A beginner’s guide to island hopping Japan’s Seto Inland Sea

More than 1000 islands are peppered throughout Japan’s Seto Inland Sea and each one has a unique character waiting to be discovered.

Japan is famous for many things, but island hopping isn’t the first that comes to mind when planning a holiday in the Land of the Rising Sun. The Seto Inland Sea is a body of water bordered by the main islands of Honshu, Shikoku and Kyushu and serves as a connection between the Pacific Ocean and the Sea of Japan. There are more than 1000 islands spread across the Inland Sea and each one offers visitors a different experience. Whether cultural immersion, gastronomic discovery, natural beauty, history or art take your fancy, there’s a sailing itinerary on a chartered boat or yacht to suit every explorer.

How to sail the Seto Inland Sea

With Seto Yacht Charter you can plan an island-hopping route through the Setouchi region on a bespoke itinerary. For day trips, a Toyota Ponam-28 boat with comfortable amenities is available to singles, couples and groups. Alternatively, rent a cabin on the Bali 4.0 catamaran yacht and cruise the Seto Inland Sea with friends and family in tow. Suitable for up to 10 passengers, cruising on board the Bali 4.0 includes a personal chef, an attendant and an experienced skipper with local knowledge of the islands. But with more than 1000 islands to choose from, which should you visit first?

Yacht on the water
Seto Yacht Charter © Image courtesy of Setouchi DMO

A beginner’s guide to the Seto Inland Sea islands 

Manabeshima 

While this quaint village is known for its fishing industry heritage and delicious seafood, it’s the thriving cat population that draws tourists to its shores. Manabeshima is one of Japan’s 11 cat islands and the several dozen felines are most often found at Honura Port. French illustrator Florent Chavouet also created a book about Manabeshima, documenting the tranquil lifestyle, beaches and scenery here. Expect a relaxed energy and a picturesque village. 

Honjima

Honjima is the second-biggest and most developed island of the Shiwaku archipelago and serves as the main hub of the region. These islands were once integral to the area’s maritime transportation industry and many historic sites from this period have been preserved for visitors to see. The island is best seen on foot or by bike, so rent a bicycle and pedal along the coastal road where you can catch a glimpse of neighbouring Ushijima and Sanuki Fuji on the opposite shore.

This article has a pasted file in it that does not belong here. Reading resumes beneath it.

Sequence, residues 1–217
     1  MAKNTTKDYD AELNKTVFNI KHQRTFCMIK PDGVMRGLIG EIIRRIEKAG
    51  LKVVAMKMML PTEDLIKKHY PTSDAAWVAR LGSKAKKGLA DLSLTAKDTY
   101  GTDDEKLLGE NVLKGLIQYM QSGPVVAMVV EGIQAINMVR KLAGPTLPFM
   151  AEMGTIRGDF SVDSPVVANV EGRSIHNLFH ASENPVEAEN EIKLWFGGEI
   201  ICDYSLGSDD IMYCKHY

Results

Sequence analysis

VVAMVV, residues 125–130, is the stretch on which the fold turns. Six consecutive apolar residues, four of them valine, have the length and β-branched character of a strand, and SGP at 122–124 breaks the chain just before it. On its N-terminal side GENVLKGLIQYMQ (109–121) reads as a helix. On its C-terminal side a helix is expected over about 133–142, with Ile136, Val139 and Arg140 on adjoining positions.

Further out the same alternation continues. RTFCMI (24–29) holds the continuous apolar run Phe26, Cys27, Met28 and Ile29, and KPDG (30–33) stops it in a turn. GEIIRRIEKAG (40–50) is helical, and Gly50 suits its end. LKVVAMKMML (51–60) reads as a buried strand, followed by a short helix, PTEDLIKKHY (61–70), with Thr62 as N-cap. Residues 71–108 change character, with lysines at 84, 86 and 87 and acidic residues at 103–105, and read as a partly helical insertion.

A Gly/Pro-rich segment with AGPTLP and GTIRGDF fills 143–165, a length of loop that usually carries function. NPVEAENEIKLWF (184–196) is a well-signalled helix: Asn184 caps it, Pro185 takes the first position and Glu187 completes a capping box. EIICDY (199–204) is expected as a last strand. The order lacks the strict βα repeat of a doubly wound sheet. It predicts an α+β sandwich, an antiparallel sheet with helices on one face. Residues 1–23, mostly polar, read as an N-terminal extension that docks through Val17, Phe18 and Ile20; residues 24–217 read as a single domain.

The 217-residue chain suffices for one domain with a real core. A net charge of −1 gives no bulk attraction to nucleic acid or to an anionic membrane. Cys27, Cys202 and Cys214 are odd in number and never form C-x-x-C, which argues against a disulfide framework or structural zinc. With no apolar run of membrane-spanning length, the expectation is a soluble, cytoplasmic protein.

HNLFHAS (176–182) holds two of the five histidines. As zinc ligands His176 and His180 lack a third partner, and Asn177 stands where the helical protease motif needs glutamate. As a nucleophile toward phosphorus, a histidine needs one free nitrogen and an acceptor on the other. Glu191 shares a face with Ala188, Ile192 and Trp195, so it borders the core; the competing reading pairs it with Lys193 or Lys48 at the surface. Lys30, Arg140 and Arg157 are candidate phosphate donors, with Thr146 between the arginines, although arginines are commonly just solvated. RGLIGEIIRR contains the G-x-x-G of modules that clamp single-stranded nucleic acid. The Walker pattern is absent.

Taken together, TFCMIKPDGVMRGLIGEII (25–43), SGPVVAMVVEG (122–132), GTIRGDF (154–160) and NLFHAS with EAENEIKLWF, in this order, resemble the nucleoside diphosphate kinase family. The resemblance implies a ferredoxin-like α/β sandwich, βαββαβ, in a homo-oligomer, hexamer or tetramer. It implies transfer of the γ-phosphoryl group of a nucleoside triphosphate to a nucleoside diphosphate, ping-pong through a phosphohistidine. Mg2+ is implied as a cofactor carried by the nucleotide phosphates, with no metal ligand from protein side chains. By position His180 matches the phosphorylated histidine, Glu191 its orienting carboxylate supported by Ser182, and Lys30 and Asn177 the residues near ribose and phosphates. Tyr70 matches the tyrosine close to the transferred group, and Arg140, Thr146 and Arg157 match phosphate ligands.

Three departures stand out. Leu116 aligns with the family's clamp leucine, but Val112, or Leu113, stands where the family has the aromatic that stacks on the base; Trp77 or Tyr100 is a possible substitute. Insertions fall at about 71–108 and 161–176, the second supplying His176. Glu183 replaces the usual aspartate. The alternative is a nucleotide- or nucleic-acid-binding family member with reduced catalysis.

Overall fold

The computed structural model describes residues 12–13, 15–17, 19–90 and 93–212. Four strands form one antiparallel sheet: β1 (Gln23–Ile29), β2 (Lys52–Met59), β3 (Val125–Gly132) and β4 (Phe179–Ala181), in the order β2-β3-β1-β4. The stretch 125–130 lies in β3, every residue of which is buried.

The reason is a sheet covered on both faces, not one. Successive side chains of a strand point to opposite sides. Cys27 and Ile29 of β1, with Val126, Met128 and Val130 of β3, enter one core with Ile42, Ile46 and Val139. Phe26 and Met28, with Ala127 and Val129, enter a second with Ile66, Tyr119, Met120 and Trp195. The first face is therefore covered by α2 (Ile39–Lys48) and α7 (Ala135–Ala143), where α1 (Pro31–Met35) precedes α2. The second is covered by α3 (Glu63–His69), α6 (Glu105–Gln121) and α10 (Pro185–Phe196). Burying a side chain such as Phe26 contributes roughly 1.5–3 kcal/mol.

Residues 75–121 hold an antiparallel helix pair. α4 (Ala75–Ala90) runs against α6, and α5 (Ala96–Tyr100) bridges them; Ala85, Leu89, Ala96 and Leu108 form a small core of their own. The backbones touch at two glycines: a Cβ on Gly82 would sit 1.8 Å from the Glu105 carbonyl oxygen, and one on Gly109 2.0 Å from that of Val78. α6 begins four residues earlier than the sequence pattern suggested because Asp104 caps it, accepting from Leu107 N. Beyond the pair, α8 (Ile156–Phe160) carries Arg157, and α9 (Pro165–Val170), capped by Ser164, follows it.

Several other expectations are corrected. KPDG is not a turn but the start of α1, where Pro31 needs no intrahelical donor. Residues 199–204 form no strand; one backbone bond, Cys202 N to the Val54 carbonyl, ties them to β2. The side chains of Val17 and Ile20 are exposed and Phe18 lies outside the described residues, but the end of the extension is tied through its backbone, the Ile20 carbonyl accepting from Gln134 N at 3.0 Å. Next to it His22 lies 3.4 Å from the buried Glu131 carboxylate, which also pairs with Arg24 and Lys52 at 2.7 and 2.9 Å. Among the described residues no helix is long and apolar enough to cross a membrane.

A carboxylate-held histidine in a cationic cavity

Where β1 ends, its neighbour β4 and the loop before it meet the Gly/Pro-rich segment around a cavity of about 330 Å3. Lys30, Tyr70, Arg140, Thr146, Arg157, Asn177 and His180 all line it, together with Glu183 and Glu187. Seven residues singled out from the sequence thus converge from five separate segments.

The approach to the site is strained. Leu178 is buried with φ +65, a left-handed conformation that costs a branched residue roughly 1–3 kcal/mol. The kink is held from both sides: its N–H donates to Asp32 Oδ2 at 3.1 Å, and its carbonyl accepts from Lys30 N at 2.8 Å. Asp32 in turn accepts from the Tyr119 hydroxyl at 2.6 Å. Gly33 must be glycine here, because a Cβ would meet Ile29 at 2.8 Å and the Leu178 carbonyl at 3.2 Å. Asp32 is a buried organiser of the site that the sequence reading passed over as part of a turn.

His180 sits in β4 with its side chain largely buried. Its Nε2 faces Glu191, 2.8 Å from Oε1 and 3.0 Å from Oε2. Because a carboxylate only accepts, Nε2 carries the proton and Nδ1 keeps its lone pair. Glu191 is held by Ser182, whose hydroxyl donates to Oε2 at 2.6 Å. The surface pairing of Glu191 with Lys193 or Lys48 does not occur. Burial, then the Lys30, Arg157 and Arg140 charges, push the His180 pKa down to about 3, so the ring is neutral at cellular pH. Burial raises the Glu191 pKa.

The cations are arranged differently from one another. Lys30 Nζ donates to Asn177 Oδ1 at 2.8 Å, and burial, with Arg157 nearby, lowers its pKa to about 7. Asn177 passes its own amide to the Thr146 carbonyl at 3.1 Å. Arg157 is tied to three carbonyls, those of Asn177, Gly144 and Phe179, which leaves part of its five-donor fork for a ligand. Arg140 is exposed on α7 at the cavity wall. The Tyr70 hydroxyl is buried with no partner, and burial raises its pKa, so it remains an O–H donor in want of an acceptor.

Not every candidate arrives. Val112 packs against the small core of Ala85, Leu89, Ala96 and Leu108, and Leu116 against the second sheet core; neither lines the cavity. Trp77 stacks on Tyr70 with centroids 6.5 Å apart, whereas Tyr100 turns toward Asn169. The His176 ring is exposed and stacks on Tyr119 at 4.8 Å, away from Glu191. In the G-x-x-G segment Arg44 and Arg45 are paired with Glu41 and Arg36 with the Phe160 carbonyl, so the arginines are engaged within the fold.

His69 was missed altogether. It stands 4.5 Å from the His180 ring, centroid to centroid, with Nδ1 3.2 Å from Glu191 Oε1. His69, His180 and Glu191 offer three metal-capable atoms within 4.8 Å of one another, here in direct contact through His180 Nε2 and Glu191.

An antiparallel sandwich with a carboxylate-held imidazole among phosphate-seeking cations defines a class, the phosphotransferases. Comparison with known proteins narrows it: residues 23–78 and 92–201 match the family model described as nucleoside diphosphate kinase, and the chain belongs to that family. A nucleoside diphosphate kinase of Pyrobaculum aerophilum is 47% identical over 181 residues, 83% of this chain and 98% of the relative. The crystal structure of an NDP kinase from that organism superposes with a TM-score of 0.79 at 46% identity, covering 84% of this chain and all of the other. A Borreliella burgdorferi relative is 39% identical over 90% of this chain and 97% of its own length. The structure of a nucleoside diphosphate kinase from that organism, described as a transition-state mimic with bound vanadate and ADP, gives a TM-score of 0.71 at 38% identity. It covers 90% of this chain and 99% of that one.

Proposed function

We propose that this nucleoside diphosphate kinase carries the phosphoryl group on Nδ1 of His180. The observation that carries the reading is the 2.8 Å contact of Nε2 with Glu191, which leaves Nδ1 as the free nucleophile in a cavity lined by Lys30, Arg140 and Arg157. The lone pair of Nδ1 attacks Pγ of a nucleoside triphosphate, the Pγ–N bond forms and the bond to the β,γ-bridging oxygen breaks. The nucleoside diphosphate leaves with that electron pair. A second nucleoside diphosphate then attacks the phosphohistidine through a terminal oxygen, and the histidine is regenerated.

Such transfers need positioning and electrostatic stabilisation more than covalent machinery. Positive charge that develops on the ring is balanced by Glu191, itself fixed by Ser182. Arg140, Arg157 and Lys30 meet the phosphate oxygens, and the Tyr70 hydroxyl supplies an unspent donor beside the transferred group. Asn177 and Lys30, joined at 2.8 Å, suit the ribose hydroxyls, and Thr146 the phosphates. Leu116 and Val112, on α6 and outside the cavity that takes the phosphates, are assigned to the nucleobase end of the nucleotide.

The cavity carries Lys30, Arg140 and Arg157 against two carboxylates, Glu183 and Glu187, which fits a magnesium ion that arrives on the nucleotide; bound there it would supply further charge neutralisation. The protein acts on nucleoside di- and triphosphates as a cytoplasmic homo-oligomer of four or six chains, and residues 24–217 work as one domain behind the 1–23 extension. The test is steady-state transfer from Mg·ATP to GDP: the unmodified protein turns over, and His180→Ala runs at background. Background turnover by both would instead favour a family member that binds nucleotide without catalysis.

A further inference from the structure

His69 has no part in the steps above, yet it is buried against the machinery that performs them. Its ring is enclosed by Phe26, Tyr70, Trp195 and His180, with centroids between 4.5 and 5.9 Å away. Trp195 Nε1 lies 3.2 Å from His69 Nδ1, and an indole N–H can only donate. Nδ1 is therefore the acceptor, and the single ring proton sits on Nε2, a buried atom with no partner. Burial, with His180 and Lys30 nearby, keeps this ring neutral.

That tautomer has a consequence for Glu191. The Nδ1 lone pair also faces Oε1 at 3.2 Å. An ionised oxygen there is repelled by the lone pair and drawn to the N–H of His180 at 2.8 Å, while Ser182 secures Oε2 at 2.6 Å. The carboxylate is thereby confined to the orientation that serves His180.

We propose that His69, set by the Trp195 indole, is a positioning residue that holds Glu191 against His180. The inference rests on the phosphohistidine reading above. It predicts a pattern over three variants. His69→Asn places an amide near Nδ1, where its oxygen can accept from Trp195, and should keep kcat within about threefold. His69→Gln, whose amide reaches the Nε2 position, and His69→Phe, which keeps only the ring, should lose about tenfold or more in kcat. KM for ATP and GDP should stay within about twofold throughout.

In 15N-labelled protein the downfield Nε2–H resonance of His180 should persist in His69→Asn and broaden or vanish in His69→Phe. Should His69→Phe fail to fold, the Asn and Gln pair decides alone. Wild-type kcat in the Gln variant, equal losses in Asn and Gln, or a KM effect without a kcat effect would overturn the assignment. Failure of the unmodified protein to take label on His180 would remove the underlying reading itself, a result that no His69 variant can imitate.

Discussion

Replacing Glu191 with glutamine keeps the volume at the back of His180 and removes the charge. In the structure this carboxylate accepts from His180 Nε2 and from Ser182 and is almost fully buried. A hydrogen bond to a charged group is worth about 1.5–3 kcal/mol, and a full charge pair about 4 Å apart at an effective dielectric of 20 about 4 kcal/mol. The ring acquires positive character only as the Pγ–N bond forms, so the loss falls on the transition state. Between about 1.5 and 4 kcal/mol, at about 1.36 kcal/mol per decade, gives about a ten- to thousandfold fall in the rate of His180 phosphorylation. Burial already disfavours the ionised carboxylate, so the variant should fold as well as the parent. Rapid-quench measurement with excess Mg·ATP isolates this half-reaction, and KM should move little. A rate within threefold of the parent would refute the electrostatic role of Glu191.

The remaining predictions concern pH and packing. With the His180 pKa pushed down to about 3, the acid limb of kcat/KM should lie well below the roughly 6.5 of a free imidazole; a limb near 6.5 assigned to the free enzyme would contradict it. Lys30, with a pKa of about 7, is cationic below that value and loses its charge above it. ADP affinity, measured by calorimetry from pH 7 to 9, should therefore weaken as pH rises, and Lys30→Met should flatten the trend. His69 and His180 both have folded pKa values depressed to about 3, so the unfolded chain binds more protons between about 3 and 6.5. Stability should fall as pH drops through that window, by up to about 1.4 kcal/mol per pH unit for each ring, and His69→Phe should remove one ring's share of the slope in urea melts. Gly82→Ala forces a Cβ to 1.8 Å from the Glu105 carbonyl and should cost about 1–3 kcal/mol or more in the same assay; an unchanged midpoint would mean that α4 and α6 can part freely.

Naoshima 

Modern art and architecture fans should include a visit to Naoshima on their itinerary. The island is famous for its larger-than-life spotted pumpkin, an artwork by Japanese contemporary artist Yayoi Kusama. Modern museums, galleries and installations can be found in Naoshima, including the Benesse House Museum and Chichu Art Museum where works by Claude Monet, James Turrell and Tadao Ando are on display. The islands of Naoshima, Teshima and Inujima are all known for their art scene. 

Yayoi Kusama artwork on Naoshima
Yayoi Kusama artwork on Naoshima © Unsplash/Yue-Ting Ling

Shishijima

Located in the south of the Seto Inland Sea, Shishijima is an almost uninhabited island of rugged beauty. Less than 20 people permanently reside on the island, which is a stop best suited to those who enjoy forest paths and hiking. The trails lead to a sacred 1200-year-old camphor tree and a handmade observatory with a view over the coast. 

Inujima

Like Naoshima and Teshima, Inujima is mostly visited for the public art installations on the island. The Inujima Seirensho Art Museum is the main attraction here, an open-air museum set within the ruins of an abandoned copper refinery. After visiting the site, explore the rest of the island to see the Art House Project, a series of art installations scattered throughout the village. 

Teshima 

This rural islet has a history rooted in farming, fishing and agriculture but has since evolved to establish itself as a public art destination, and Teshima Art Museum is the main attraction. This concrete contemporary structure is set among rice fields and when inside, visitors will find the surrounding landscapes have been framed like artworks by the cutouts in the architecture. Another permanent artwork on the island is Les Archives du Coeur, or ‘Heart Archives’, an interactive installation where visitors can make recordings of their heartbeat and listen to the recorded heartbeats of others.